In order to identify genes whose expression is specific to each cluster, Cell Ranger ARC tests whether the in-cluster mean differs from the out-of-cluster mean for each gene and each cluster.

In order to find differentially expressed genes between groups of cells, Cell Ranger ARC uses the quick and simple method sSeq (Yu, Huber, & Vitek, 2013), which employs a negative binomial exact test. When the counts become large, Cell Ranger ARC switches to the fast asymptotic beta test used in edgeR (Robinson & Smyth, 2007). For each cluster, the algorithm is run on that cluster versus all other cells, yielding a list of genes that are differentially expressed in that cluster relative to the rest of the sample.

Cell Ranger ARC's implementation differs slightly from that in the paper: in the sSeq paper, the authors recommend using DESeq's geometric mean-based definition of library size. Cell Ranger ARC instead computes relative library size as the total UMI counts for each cell divided by the median UMI counts per cell. As with sSeq, normalization is implicit in that the per-cell library-size parameter is incorporated as a factor in the exact-test probability calculations.

Differential accessibility analysis

In order to identify transcription factor motifs whose accessibility is specific to each cluster, Cell Ranger ARC tests, for each motif and each cluster, whether the in-cluster mean differs from the out-of-cluster mean. Users familiar with our Chromium Single Cell Gene Expression Solution may recognize that this is identical to what Cell Ranger ARC does for identifying differential gene expression. In order to find differentially accessible motifs between groups of cells, Cell Ranger ARC uses a Negative Binomial (NB2) generalized linear model to discover the cluster specific means and their standard deviations, and then employs a Wald test for inference. For each cluster, the algorithm is run on that cluster versus all other cells, yielding a list of TF motifs that are differentially expressed in that cluster relative to the rest of the sample. Using a GLM framework allows us to model the sequencing depth per cell and GC content in peaks per cell directly as covariates. This allows us to normalize to them naturally as part of model estimation and inference procedure. We also perform differential enrichment analysis for accessibility in peaks using a Poisson generalized linear model, much the same way as we do for TF motifs. In this case, we model only the per cell depth as a covariate.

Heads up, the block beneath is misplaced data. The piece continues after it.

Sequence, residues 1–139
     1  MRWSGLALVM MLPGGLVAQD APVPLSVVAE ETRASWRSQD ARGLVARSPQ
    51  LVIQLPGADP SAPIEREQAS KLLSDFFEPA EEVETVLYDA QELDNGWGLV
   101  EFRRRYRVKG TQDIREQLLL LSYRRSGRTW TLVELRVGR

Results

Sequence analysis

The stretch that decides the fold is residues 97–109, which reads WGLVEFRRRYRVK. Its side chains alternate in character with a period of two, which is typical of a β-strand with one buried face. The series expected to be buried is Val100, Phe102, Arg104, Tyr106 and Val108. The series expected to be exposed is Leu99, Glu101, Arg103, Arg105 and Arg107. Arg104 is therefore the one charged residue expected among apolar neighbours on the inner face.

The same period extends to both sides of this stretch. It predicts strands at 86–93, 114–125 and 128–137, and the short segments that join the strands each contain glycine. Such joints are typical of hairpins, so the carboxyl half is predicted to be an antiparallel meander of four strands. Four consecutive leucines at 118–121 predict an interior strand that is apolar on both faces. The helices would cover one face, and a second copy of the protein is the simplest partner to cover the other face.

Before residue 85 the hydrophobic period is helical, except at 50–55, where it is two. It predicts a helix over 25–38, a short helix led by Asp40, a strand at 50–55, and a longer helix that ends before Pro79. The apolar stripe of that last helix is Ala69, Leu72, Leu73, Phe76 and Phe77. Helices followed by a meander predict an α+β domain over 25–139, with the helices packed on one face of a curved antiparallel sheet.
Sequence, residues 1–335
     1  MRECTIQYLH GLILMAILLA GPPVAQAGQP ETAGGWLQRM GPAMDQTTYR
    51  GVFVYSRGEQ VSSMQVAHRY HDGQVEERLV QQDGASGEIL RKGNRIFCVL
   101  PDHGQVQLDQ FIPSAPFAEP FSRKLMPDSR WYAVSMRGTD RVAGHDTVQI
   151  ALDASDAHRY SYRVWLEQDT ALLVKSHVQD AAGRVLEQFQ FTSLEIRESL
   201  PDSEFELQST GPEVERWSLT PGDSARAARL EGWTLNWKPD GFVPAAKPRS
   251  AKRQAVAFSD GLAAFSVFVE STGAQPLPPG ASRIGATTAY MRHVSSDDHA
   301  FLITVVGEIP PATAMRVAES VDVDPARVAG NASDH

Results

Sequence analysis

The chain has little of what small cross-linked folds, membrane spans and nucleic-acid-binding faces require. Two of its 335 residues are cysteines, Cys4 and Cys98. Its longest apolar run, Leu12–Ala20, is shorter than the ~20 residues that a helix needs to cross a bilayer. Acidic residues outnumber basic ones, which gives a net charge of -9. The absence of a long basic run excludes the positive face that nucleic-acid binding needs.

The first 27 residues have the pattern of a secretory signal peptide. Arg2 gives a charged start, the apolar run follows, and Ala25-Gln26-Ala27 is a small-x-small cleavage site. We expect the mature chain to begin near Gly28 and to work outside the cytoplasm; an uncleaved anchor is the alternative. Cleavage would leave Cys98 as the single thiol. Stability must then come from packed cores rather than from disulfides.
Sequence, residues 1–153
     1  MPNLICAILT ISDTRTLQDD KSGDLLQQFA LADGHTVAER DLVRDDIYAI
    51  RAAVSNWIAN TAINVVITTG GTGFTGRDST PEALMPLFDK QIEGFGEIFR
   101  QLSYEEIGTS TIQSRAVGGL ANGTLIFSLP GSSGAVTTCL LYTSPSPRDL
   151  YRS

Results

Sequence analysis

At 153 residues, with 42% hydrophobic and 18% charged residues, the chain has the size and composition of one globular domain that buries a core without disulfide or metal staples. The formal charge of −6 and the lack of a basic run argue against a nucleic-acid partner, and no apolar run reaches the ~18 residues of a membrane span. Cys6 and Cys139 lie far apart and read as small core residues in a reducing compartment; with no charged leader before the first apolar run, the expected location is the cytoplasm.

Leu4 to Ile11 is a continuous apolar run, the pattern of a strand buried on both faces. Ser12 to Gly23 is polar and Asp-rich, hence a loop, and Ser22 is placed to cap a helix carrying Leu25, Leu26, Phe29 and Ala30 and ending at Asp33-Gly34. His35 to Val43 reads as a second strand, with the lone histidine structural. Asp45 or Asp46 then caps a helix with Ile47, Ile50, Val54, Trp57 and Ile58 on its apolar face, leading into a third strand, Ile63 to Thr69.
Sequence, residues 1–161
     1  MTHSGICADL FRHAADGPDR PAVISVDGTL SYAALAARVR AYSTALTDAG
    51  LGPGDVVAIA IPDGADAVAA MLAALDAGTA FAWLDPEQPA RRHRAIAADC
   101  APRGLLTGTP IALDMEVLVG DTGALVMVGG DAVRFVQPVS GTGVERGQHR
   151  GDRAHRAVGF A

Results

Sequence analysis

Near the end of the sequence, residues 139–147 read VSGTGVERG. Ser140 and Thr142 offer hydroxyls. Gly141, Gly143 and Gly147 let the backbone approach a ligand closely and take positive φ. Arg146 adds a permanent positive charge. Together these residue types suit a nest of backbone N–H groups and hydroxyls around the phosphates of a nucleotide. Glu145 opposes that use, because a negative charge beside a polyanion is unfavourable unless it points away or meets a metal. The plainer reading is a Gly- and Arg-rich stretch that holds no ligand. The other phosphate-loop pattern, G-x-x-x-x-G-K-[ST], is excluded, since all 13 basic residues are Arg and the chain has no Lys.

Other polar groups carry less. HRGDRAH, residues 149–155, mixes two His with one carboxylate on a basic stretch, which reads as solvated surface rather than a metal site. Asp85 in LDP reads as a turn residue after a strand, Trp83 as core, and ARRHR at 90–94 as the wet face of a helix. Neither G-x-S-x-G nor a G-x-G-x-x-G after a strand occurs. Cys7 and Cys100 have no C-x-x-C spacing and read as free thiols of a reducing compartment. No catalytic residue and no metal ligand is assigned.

References

Baglama, J. & Reichel, L. Augmented Implicitly Restarted Lanczos Bidiagonalization Methods. SIAM Journal on Scientific Computing 27, 19–42 (2005).

Blondel, V.D., Guillaume, J.-L., Lambiotte, R. & Lefebvre, E. Fast unfolding of communities in large networks. Journal of Statistical Mechanics: Theory and Experiment 2008, (2008).

McInnes, L, Healy, J, UMAP: Uniform Manifold Approximation and Projection for Dimension Reduction. arXiv 2018

Robinson, M.D. & Smyth, G.K. Small-sample estimation of negative binomial dispersion, with applications to SAGE data. Biostatistics 9, 321–332 (2007). Link to edgeR source.

Van der Maaten, L.J.P. Accelerating t-SNE using Tree-Based Algorithms. Journal of Machine Learning Research 15, 3221-3245 (2014).

Yu, D., Huber, W. & Vitek, O. Shrinkage estimation of dispersion in Negative Binomial models for RNA-seq experiments with small sample size. Bioinformatics 29, 1275–1282 (2013).